Programmatic ad buying is the automated process of buying or selling online media advertisements at scale.
Its popularity in the digital space continues to rise, as there are many benefits to the advertiser and the seller.
• Increased ad efficiencies
• Reduced overall advertising costs
• Ability to optimize and target the right audience in real time
• Higher ROI
• Leveraging unique data sets, both first- and third-party
• Collecting greater data insights to understand customers
• Achieving scale
• Reducing campaign launch time
One common form of programmatic ad buying is real-time-bidding (RTB), which is the process of purchasing ads through computer-run auctions. Both real-time-bidding and other forms of programmatic buying, such as paid search and personalized retargeting, are used for maximizing reach and minimizing waste through the possibility of extensive targeting and optimizations. In fact, according to Quarticon.com, the #1 advantage of programmatic ad buying is this extensive targeting and ability to eliminate waste. “The most revolutionary aspect of programmatic buying is that it allows an advertiser to serve one specific ad to one single consumer in one single context. Marketers can precisely determine which consumer gets to see which ad and when.” Advertisers realize that they need to reserve ad dollars for those consumers who will actually be receptive to their message, and engage, which will in turn increase their ROI. That’s why programmatic ad buying solutions are the future.
Audience targeting is key with programmatic buying. It allows brands to create campaigns that successfully reach goals, with limited waste. And with improving attribution models, users can now be tracked across platforms, across multiple channels, in a more cost-efficient manner. Conversion-based campaigns priced on a Cost-Per-Lead (CPL) or Cost-Per-Acquisition (CPA) basis can have more accurate reports and data insights due to these exceptionally efficient programmatic media campaigns. One platform that continues to see growth on a day-to-day basis is mobile-targeted advertising. As advertisers try to find ways to reach and follow the on-the-go consumer, it has allowed mobile apps such as Pandora, Spotify, Snapchat, and even Waze to thrive in a RTB environment, and these are just a few examples. Expect programmatic mobile trends to continue to evolve with wearable technology trends, such as smart watches and even smart glasses, looking into the future.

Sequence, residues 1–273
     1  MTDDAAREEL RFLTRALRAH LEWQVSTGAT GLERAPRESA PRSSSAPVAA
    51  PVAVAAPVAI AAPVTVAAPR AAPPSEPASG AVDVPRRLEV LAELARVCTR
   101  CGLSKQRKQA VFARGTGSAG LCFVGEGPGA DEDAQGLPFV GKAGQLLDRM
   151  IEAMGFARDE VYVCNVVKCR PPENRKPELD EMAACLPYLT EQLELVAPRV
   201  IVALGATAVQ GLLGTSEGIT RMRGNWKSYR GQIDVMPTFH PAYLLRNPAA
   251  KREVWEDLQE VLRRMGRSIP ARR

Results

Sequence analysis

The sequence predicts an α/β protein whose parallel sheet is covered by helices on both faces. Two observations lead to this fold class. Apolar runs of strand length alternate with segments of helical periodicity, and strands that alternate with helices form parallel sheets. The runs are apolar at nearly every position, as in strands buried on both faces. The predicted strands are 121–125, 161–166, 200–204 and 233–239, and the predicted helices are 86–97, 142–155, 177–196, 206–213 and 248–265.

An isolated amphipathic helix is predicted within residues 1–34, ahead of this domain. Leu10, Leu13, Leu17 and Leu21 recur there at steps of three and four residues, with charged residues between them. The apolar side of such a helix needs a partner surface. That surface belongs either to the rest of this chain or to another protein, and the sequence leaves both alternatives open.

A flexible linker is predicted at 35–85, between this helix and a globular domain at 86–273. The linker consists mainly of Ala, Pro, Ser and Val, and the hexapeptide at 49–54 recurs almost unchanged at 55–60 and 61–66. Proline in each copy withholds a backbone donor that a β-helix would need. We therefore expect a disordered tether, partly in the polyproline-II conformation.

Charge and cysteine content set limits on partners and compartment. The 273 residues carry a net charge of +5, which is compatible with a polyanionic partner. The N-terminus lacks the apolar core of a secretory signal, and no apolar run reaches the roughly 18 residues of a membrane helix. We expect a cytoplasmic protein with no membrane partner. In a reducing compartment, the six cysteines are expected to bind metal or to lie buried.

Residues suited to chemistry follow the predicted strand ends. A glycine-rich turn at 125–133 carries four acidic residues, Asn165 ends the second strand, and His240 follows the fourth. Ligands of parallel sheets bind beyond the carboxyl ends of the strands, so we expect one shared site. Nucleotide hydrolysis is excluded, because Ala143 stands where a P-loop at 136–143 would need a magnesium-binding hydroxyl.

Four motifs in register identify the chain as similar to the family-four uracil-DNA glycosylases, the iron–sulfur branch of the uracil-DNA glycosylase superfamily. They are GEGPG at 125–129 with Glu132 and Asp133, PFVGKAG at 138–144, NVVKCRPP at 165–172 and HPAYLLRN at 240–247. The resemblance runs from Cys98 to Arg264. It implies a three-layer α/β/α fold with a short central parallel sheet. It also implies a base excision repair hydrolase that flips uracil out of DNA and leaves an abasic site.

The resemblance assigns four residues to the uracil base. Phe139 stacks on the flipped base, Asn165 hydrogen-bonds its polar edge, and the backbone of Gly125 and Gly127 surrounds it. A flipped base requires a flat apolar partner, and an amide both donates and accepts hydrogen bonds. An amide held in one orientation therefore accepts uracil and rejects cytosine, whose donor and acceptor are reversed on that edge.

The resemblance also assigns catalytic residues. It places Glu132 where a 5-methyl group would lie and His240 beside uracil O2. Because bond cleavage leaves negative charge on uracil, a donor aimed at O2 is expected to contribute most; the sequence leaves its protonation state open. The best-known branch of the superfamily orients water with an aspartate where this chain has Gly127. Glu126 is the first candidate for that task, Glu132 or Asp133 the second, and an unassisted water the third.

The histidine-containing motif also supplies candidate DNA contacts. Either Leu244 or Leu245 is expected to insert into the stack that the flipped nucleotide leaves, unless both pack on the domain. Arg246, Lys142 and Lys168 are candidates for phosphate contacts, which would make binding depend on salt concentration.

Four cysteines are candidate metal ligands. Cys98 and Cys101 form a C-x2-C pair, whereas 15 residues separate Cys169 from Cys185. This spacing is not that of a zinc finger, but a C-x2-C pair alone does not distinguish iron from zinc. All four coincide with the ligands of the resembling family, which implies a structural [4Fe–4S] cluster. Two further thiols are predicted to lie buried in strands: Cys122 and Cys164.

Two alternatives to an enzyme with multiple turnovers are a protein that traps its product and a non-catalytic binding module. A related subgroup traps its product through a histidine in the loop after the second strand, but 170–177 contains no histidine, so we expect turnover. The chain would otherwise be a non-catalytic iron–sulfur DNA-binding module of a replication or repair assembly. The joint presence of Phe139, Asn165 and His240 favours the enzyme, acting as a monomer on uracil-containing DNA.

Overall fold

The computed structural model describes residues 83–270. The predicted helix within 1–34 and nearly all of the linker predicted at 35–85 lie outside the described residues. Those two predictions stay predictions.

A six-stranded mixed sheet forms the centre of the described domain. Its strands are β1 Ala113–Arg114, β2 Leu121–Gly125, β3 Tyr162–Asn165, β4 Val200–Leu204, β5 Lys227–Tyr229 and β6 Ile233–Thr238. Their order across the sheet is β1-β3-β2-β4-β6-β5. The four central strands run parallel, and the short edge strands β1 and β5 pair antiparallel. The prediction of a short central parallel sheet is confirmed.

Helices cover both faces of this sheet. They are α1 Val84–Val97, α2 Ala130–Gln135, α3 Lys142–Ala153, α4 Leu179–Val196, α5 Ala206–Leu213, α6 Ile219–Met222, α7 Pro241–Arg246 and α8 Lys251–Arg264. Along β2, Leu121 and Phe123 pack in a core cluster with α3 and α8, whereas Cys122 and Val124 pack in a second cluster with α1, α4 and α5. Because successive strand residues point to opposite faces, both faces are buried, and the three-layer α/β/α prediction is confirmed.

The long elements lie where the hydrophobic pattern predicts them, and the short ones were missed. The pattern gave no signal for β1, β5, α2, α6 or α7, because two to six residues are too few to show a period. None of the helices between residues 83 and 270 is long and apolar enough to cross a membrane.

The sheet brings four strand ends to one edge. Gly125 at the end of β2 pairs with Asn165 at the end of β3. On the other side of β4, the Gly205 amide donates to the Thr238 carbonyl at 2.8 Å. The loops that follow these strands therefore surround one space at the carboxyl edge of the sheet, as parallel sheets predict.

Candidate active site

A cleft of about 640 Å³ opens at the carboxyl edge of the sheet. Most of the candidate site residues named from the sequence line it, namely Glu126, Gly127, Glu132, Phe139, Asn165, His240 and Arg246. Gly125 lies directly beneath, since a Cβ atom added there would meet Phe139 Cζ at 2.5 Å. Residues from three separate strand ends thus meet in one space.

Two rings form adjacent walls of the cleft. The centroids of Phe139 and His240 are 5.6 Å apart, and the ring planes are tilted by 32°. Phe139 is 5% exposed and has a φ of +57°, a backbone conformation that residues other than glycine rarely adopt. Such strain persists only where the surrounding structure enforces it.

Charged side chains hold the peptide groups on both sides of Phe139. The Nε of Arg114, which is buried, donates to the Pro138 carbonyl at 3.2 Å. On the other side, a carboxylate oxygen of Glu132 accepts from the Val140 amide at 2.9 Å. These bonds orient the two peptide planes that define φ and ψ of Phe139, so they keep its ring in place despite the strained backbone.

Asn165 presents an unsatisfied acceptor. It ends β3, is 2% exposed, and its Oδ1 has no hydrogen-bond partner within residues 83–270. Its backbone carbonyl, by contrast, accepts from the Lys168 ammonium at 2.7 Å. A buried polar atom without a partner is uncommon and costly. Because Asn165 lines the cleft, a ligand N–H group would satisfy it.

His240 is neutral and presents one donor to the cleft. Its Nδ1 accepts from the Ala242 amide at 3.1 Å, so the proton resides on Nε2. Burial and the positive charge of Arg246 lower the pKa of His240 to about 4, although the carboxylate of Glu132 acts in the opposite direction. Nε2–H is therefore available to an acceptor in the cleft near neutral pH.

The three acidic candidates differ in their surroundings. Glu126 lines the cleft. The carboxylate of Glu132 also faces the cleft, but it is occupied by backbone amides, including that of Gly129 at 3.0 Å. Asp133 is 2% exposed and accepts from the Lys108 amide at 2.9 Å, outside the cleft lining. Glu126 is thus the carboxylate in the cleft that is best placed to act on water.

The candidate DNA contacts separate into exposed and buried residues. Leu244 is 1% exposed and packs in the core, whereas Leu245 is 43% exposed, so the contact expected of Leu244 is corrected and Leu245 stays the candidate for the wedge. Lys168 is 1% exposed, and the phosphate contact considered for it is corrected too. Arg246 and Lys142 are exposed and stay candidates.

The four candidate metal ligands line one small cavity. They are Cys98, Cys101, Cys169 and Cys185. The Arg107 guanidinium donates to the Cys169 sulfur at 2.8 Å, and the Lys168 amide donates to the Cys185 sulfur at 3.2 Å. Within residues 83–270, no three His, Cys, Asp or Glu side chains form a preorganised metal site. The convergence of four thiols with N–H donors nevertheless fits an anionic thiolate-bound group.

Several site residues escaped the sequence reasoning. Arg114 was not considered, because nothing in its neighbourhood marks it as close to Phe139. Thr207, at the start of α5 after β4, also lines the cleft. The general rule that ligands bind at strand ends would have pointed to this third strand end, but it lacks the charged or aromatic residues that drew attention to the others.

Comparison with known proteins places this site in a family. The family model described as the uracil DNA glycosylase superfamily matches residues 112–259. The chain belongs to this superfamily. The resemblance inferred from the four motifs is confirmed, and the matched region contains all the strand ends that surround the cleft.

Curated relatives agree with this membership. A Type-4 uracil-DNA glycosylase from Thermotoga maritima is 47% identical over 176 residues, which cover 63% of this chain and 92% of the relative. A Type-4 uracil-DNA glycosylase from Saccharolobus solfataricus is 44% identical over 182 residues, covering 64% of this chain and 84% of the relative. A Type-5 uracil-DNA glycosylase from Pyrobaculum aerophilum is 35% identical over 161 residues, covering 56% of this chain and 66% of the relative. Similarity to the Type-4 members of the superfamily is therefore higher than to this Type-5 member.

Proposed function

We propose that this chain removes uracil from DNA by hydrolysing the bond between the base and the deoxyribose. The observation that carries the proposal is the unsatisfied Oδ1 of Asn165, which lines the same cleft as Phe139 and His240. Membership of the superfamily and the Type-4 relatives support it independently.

Programmatic Advertising and Ad Fraud
There’s no avoiding the fact that the industry is grappling with the issue of ad fraud, and working hard to find solutions. It’s easy to see why: ad fraud caused the loss of approximately $6.5 billion in 2017. Every single day, digital advertisers and publishers are losing hundreds of thousands of dollars because of these scams—so the IAB has decided to take a stand against them.
Ad fraud is when buyers are essentially tricked into paying for ads that they don’t actually get. This digital advertising fraud happens when a scammer buys a cheap space from an unknown, irrelevant site, and then lists it as premium space on the exchange.1 The result is that publishers are under the impression that their ads are being displayed on well-known sites, like The Wall Street Journal or The New York Times, but in reality, the ad is showing up on a site you’ve never heard of. These scammers have created more than 34,000 different domain names, and more than a million different URLs that they are using to trick advertisers. Previously, there was no way to confirm who was actually selling the impressions across the exchanges. IAB created ads.txt in an effort to stop this practice.2
ADS stands for Authorized Digital Sellers, which is a simple, flexible and secure method for publishers and distributors to declare who is authorized to sell their inventory, improving transparency for programmatic buyers. Publishers must post a list of their authorized sellers to their domain, and then programmatic buyers can crawl around the web for publisher’s ads.txt files to create a list of authorized sellers for each of the participating publishers. When this has been completed, the programmatic media buyers can use their filter to match their ads.txt list against the data that has been provided.3